(Originally published on March 13th, 2018 at https://aerospace.illinois.edu)

When designing mechanisms that move and work together, the variables may seem unlimited. But in fact, there is likely a design that optimizes the efficiency of the mechanism, like finding the sweet spot for the fulcrum on a pair of plyers to get maximum force. Kai James, professor in the Department of Aerospace Engineering at the University of Illinois, is working to design a computer algorithm to find that point of greatest efficiency. And, he is using the science to attract more underserved students to STEM.

Topology optimized multi-body gripper mechanism

James’ project was recently funded through the National Science Foundation Faculty Early Career Development (CAREER) Program. Proposals that are selected are from a single early-career investigator that include research and education activities that are integrated, innovative, and ambitious.

“I want to create a framework where algorithms could, starting with the black box, generate an entire design concept for compound machines that contain multiple components,” James says. “In addition to optimizing the structure of each component—it’s shape, geometry, and material layout—the algorithm can also optimize the connectivity between the components. So the algorithm, for example, will tell us where a hinge should be placed to maximize mechanical advantage”

James explains that the algorithm will generate a series of numbers, resulting in a mathematical description of the design. After it is interpreted, a corresponding computer aided design file, or CAD, is created that contains a 3D representation of the design.

“What’s new about this project is that the types of algorithms we’re using have previously only been applied to the designs of structures—meaning that the system you’re creating contains a single part,” James says. “It moves, but all of the motion is purely due to elastic deflection—bending, twisting, and basically straining the material.

“In the real world, mechanisms have multiple components. Motion isn’t due to elasticity, but rather through what’s called *rigid body motion*. In a pair of plyers, for example, the two lever arms are undergoing rigid body motion. There may be some elastic compliance, but we’re not relying on that compliance to generate the transfer of force from the input to the output. If you apply force of 100 Newtons at the input, we want to maximize the output force at the jaws of the particular device. In this case, because of the geometry and where the fulcrum is placed, we’ll get a mechanical advantage magnification of this force by about 10 times. The output will be 10 times stronger than the input force.”

In order to generate the design, James says the algorithm has to know how the design behaves mathematically.

“Within the algorithm there will be a module that simulates the mechanical response of the system. And it will do that repeatedly,” James says. “You start out with an initial baseline, a guess, for what we think the design should look like. The algorithm will determine how good the design is and where the design can be improved. It will iteratively generate new designs, test the design, and then systematically modify it. It’s all automated. We tell it what an optimal design should be, what criteria needs to be satisfied, and the algorithm searches the virtual space of potential designs to determine how effective the current design is, then it determines how sensitive that effectiveness is to small changes in the design. This is called sensitivity analysis. It’s a form of calculus.”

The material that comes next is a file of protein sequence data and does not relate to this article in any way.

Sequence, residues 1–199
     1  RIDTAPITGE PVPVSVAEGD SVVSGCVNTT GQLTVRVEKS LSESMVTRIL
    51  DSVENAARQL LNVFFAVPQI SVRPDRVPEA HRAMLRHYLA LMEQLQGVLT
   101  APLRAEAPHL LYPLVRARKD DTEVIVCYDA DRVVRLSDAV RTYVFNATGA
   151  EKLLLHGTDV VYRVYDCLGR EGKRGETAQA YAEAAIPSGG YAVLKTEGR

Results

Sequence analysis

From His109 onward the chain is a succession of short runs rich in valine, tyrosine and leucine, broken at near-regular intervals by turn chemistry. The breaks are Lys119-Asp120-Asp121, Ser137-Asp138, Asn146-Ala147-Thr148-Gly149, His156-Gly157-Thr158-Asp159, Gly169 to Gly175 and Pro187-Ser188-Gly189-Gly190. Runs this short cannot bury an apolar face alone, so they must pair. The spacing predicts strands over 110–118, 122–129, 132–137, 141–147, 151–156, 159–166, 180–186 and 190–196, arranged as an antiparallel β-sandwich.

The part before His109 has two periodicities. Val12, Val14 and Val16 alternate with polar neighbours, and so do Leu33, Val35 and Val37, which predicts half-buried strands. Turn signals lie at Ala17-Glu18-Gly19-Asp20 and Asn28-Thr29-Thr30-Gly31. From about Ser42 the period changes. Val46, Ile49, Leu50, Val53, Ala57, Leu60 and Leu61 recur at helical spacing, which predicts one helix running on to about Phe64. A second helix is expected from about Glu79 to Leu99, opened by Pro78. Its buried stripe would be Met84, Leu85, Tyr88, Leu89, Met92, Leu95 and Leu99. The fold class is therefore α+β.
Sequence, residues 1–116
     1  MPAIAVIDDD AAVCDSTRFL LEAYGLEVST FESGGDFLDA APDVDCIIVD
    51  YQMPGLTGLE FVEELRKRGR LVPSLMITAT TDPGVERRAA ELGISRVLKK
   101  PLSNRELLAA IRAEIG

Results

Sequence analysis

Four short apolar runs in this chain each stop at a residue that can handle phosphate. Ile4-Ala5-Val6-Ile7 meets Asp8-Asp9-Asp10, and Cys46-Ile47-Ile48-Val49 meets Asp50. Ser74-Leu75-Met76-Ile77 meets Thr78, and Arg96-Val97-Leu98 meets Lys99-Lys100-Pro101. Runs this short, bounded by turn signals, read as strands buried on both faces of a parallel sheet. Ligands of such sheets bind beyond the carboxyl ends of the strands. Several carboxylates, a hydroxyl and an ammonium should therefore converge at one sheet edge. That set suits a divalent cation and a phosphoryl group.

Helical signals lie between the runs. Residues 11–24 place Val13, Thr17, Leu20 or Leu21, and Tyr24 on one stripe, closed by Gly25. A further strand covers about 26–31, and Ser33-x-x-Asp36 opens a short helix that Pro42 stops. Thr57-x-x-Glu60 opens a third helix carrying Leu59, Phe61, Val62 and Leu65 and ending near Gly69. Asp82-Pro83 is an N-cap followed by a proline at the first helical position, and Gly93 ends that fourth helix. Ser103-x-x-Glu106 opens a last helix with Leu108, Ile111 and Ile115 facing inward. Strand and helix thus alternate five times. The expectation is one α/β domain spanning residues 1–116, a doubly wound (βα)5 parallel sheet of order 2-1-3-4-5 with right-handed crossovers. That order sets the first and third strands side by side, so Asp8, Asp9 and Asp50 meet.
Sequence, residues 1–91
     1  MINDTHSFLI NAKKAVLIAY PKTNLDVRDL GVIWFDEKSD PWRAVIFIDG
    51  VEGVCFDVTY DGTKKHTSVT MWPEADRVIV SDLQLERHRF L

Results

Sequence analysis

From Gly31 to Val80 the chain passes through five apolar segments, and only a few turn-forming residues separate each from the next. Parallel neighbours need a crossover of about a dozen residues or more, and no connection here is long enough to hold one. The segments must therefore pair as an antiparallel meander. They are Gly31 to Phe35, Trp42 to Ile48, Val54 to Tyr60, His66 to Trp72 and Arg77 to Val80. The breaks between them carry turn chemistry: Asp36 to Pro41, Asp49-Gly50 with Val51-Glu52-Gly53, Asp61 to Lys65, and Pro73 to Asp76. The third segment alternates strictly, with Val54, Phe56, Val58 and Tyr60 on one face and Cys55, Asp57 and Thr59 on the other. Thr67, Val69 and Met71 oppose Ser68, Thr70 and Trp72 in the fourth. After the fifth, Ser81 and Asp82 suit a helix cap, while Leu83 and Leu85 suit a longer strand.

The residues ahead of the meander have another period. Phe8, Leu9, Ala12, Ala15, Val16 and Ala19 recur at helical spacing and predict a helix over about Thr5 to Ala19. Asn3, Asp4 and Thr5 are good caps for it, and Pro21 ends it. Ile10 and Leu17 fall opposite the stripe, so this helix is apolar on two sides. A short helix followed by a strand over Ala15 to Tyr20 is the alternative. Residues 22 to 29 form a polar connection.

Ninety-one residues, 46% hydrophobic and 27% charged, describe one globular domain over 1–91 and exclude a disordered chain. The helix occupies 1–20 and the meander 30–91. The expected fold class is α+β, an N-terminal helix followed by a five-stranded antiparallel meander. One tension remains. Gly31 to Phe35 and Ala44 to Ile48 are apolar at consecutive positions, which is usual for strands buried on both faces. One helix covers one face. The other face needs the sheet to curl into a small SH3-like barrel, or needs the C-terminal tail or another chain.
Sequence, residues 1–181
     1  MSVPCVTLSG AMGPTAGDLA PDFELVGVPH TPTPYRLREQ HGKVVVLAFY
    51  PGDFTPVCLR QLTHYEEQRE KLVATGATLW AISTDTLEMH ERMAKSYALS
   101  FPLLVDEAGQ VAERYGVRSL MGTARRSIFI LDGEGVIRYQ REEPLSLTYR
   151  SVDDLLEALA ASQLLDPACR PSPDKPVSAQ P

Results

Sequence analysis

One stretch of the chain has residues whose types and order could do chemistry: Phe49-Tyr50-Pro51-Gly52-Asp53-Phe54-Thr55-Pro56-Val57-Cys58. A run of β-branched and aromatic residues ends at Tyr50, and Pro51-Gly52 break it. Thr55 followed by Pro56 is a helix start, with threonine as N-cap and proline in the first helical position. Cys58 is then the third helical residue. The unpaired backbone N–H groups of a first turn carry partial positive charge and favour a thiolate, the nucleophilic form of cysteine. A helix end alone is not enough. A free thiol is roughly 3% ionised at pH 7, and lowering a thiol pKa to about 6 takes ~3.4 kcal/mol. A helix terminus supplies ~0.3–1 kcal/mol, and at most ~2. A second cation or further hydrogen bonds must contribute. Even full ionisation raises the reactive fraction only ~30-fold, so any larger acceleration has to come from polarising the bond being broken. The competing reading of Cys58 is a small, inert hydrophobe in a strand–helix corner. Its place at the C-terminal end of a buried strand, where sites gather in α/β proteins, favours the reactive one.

What does this have to do with aerospace? James says aerospace engineers may want to describe the efficiency or the performance of a mechanism such as drag in the case of an aircraft design.

“We have an algorithm that evaluates drag as a function of the design features,” James says. “They are represented mathematically as a set of parameters. The algorithm has to know the physics of the system that you’re trying to design, then it can evaluate the design, perform a sensitivity analysis. Based on those sensitivities, it will determine how it should update the design to improve it. And those improvements will happen incrementally. We perform that successively until the algorithm converges to a design that satisfies our optimality criteria. Once you have that, that’s the best possible design or at the very least, a mathematical optimum within the design space that you’ve provided for the algorithm to search.”

James says, this level of physics is what a first-year graduate student would likely understand, but the science will be modified to be accessible to undergraduate students.

The $500,000 NSF funding will make possible a series of workshops every other week, beginning in August, 2018 and run through 2023. The workshops will be less formal than an actual course.

Undergraduate students who participate in the workshops don’t need to be majoring in math or science or even engineering. James will work with the university Office of Minority Student Affairs to market the program to attract students who wouldn’t normally gravitate toward STEM disciplines, that is, science, technology, engineering, and math. The outcome of the workshops will be activities for K-12 visitors to the Engineering Open House at the University of Illinois the following spring.

Rather than being theoretical, the information students receive will be focused on applications, taking a high-level look at optimal design. “It will look at some new breakthroughs in the research community to whet the students’ appetite for STEM,” James says. “There will be some technical instruction as well. They’ll learn to understand some of the mathematics that govern these algorithms and design strategies.”